“No one after lighting a lamp puts it in a cellar or under a basket, but on a stand, so that those who enter may see the light. Your eye is the lamp of your body. When your eye is healthy, your whole body is full of light, but when it is bad, your body is full of darkness. Therefore be careful lest the light in you be darkness. If then your whole body is full of light, having no part dark, it will be wholly bright, as when a lamp with its rays gives you light.”
Jama and I were in an antique store over the weekend. On one shelf was a candle stand. It was about 2 feet tall altogether, and was in the shape of a cat. The whole affair was made of wrought iron, which I love. The candle itself was suspended in the center. The cat's head was above, and was in the shape of the Sun. His tail was a crescent Moon, and if you pushed the tail it swung like a pendulum. As the cat swung back and forth, the cat's eyes shifted left and right. It was all a piece of very clever 19th century whimsy, and it made me laugh.
The cat. The candle. The eyes. The Sun and Moon. What was it trying to tell me?
In a completely dark room, there is no way you would ever find that candle stand. It was made of black wrought iron! But light that candle in a dark room and what you would immediately see is not the candle stand. You would see the white eyes moving back and forth, following the candle.
Our eyes don't have light of their own. They are receptors. They somehow process light; take it in and make sense out of it for our minds. But all lights are not equally good. Are you like me? When you are forced to sit under florescent lights for any period of time, does it make you tired? I don't much like the new cfl bulbs everyone is hawking these days. Edison didn't invent electric light. Neon was around before Edison's invention. What Edison came up with was a light that was more "natural", and a bulb that would last. Certain lights actually drain us. As Tom Hanks observed to his boss in Joe vs. the Volcano, "I can feel (these lights) sucking the juice out of my eyeballs!"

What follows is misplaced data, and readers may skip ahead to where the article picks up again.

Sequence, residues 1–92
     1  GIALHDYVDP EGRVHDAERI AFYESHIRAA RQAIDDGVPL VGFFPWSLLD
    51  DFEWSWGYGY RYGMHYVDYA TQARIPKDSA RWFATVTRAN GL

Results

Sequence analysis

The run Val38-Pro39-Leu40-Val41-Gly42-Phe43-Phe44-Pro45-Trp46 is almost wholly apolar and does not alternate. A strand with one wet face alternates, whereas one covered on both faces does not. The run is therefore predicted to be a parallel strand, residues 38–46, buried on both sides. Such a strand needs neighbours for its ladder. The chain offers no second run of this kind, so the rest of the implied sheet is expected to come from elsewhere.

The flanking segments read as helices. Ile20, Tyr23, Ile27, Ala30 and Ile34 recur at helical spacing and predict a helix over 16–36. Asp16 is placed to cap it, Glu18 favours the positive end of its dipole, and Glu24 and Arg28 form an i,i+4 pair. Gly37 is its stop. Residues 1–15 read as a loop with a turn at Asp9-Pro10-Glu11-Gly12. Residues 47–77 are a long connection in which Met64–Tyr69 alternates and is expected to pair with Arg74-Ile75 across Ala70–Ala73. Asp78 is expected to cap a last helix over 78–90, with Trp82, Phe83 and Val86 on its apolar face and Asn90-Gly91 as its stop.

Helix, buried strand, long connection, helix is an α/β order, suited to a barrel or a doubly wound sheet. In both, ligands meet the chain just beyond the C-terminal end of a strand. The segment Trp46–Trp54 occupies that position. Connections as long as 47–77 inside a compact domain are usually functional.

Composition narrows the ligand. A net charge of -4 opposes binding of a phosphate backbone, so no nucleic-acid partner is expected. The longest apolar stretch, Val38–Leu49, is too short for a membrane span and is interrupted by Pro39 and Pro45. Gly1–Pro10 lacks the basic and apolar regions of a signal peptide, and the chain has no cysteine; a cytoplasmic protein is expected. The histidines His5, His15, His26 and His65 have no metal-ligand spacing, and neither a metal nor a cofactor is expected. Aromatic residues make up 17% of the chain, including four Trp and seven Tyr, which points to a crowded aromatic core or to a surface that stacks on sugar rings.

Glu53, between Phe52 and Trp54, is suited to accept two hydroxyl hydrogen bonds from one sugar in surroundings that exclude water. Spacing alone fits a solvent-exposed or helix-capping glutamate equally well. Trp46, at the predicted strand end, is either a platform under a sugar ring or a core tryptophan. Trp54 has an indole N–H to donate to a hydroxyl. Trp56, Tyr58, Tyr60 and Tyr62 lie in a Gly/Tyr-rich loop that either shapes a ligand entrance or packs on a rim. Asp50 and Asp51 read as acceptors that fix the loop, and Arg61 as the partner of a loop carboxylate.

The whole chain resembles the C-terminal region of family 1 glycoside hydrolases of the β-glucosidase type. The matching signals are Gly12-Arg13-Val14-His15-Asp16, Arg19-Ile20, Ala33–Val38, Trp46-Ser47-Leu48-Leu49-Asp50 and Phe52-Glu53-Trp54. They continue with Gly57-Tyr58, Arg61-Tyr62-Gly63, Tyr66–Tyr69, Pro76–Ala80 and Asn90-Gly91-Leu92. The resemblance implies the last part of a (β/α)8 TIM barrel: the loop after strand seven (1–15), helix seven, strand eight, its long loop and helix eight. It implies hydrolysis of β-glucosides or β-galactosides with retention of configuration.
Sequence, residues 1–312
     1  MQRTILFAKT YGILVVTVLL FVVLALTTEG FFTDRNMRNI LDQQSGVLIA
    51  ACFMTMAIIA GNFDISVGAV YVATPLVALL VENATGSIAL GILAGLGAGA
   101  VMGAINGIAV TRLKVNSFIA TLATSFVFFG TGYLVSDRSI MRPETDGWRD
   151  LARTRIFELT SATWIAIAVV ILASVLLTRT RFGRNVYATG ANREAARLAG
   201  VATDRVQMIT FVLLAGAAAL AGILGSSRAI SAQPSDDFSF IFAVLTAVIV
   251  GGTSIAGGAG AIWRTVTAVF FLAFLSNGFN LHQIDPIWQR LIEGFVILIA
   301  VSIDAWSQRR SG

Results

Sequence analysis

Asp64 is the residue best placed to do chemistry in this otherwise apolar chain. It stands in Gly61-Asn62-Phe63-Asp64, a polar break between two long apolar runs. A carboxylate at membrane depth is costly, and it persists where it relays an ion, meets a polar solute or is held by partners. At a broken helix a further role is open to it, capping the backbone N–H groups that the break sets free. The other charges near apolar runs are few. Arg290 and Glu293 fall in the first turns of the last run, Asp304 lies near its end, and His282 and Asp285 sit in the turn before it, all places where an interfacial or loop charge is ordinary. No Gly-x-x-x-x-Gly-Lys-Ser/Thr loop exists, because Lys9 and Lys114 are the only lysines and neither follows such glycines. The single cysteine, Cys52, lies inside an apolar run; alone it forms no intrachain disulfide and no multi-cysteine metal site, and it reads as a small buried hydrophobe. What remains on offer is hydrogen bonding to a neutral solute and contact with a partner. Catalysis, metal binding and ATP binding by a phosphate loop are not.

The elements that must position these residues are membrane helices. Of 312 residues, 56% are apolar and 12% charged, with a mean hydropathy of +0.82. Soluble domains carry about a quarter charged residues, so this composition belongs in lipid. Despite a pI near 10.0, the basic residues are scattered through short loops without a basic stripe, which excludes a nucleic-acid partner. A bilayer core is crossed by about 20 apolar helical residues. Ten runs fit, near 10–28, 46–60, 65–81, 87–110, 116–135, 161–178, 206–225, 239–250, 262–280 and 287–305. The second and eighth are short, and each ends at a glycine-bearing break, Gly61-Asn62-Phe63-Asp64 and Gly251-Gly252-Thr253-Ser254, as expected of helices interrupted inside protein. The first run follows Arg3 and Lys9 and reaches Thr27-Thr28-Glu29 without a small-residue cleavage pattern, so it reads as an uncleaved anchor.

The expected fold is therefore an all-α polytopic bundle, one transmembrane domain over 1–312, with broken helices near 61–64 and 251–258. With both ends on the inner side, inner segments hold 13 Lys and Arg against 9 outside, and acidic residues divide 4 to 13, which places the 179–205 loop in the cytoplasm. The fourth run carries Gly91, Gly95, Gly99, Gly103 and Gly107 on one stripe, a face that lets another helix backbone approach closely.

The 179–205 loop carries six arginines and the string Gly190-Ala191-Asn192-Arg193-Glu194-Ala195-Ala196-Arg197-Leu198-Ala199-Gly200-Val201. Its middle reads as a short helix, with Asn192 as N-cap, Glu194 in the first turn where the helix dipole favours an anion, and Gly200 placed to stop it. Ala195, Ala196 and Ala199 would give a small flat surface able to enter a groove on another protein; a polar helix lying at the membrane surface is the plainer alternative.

Some lights just drain the light out of us. And we really can't say, "Well, I thrive on my kind of light and you thrive on yours." All is not one. Some things, no matter how you package them, will never be light giving, because they are darkness and derive from a darkness greater than any light they purport to offer. They are from that great Outer Darkness that, like the proverbial black hole, draws matter and light and energy into its useless vortex.
Why is a relationship with God through Christ is so energizing? Why does knowing God give you vision? John 1:4-5 tells us, "In him was life; and the life was the light of men. And the light shineth in darkness; and the darkness comprehended it not." (KJV) Sometimes the insight of the language used in the King James Version really hits the mark in a way most other translations don't: There is ONE light that the darkness -- the consuming, drawing, deepening, encompassing darkness -- cannot comprehend. And this word comprehend doesn't mean "understand". It means that the darkness could not envelop the Light Jesus gives.
What light are you going to let into your eye today? Take care! The images will stay with you for a long time after you close your eyes. I won't give you a list of bad lights. You know more instinctively than you can verbalize what those are. Here's a list of some really good lights to get you started: "Finally, brothers, whatever is true, whatever is honorable, whatever is just, whatever is pure, whatever is lovely, whatever is commendable, if there is any excellence, if there is anything worthy of praise, think about these things. What you have learned and received and heard and seen in me—practice these things, and the God of peace will be with you." (Philippians 4:8-9) Start there. Now take a sheet of paper and build your own list. Once you've got your list, go and take some snap shots with your eye today.